Purdue’s $40 Trillion of Opioid Claims Top Size of U.S. Economy
A bottle of Purdue Pharma L.P. OxyContin medication sits on a pharmacy shelf in Provo, Utah, U.S. (Photographer: George Frey/Bloomberg)

Purdue’s $40 Trillion of Opioid Claims Top Size of U.S. Economy


By one measure, OxyContin maker Purdue Pharma LP is staring down a mountain of legal claims totaling more than $40 trillion, or about double the U.S. GDP in 2020.

The $40 trillion figure outlined in court papers excludes an even more improbable claim of $100 trillion filed by an undisclosed party. But it does reflect a more-than $2 trillion ask by a group of states and cities to help them cope with the deadly epidemic that they blame in part on Purdue. The vast majority of claims are related to unresolved opioid litigation.

The staggering sum highlights the complexity of lawsuit-driven bankruptcies like Purdue’s. Thousands of parties are seeking money from the company for allegedly fanning the flames of the U.S. opioid crisis. The drugmaker said it received more than 614,000 claims, 90% of which didn’t ask for a specific sum.

Total claim amounts typically shrink in large bankruptcies as duplicates are removed and the company challenges individual sums. Purdue can also ask its bankruptcy judge to estimate its total liabilities, though the process is “fairly uncertain,” said Bruce Markell, a former judge and current bankruptcy professor at Northwestern Pritzker School of Law.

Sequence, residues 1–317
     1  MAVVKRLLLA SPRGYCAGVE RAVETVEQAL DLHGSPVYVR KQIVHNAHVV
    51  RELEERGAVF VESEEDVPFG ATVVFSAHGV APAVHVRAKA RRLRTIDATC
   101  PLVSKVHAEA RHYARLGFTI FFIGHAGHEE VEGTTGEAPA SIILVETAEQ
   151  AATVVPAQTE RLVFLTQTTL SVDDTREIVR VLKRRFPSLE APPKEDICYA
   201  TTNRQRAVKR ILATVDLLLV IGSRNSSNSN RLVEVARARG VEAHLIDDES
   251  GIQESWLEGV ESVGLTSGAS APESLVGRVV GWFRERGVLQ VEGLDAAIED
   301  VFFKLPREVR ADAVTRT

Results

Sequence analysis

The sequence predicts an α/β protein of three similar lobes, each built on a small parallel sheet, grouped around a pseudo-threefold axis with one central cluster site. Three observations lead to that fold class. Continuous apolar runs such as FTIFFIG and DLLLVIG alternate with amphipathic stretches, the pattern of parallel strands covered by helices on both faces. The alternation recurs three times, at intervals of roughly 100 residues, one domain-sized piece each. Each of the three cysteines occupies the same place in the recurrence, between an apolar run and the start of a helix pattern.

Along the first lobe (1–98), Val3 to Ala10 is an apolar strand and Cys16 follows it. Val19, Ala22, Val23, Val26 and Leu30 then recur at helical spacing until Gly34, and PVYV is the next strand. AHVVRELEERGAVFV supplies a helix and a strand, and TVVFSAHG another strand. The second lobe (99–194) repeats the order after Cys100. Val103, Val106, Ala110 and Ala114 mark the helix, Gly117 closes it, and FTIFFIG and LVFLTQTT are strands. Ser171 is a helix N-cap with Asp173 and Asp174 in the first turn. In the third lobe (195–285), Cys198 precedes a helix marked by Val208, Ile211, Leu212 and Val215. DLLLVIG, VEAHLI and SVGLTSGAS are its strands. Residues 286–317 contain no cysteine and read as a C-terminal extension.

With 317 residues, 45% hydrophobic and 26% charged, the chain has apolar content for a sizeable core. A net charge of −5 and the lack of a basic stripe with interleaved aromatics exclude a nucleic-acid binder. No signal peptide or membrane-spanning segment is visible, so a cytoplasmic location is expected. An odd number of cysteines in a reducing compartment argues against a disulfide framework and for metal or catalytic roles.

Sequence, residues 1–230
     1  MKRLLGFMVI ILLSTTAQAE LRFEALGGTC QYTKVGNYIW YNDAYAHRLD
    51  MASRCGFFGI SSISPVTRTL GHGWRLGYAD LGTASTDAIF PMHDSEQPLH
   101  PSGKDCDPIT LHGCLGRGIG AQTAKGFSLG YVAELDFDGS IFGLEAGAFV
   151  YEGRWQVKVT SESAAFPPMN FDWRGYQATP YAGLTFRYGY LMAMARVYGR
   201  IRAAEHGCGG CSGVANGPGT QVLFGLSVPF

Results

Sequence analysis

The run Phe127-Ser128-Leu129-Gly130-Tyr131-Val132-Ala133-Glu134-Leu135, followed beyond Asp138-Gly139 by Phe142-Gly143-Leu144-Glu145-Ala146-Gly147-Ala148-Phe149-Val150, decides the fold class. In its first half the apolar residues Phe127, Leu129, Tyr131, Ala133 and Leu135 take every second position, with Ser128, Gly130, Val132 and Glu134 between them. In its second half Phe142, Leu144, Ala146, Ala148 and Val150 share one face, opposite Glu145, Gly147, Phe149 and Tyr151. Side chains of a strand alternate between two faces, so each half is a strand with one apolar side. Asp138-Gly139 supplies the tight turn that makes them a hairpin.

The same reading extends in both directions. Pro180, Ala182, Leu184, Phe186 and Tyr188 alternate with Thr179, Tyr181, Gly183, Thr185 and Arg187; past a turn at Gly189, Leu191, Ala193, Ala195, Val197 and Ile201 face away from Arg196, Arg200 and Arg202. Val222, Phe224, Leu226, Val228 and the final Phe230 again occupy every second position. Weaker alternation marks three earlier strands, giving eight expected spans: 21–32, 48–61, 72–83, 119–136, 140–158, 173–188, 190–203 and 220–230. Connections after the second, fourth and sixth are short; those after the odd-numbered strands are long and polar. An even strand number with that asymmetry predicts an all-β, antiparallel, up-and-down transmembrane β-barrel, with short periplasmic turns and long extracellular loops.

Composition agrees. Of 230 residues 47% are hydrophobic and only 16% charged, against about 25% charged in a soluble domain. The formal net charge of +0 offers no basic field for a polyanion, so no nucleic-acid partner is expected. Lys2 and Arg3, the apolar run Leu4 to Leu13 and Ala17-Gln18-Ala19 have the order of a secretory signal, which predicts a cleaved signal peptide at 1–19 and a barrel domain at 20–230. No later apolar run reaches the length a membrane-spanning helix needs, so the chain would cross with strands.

Purdue’s proposed settlement of the claims is a plan potentially worth more than $10 billion, including more than $4.2 billion of cash from its owners. It’s common for creditors to receive just pennies on the dollar for their claims in bankruptcy.

To put the case in perspective, Markell points out that the $40 trillion sought by claimants is 3,000 times the settlement in the PG&E Corp. bankruptcy, where the company’s equipment was blamed for wildfires that killed more than 100 people and destroyed nearly 19,000 homes, businesses and other structures, including the entire town of Paradise.

“In light of the sum of claims filed, the only fair and equitable outcome is to confirm Purdue’s Plan because it maximizes the available funds and allows for a coherent allocation among the various creditors,” the company said in an emailed statement.

The bankruptcy case is Purdue Pharma LP, 19-23649, U.S. Bankruptcy Court for the Southern District of New York (White Plains).

©2021 Bloomberg L.P.

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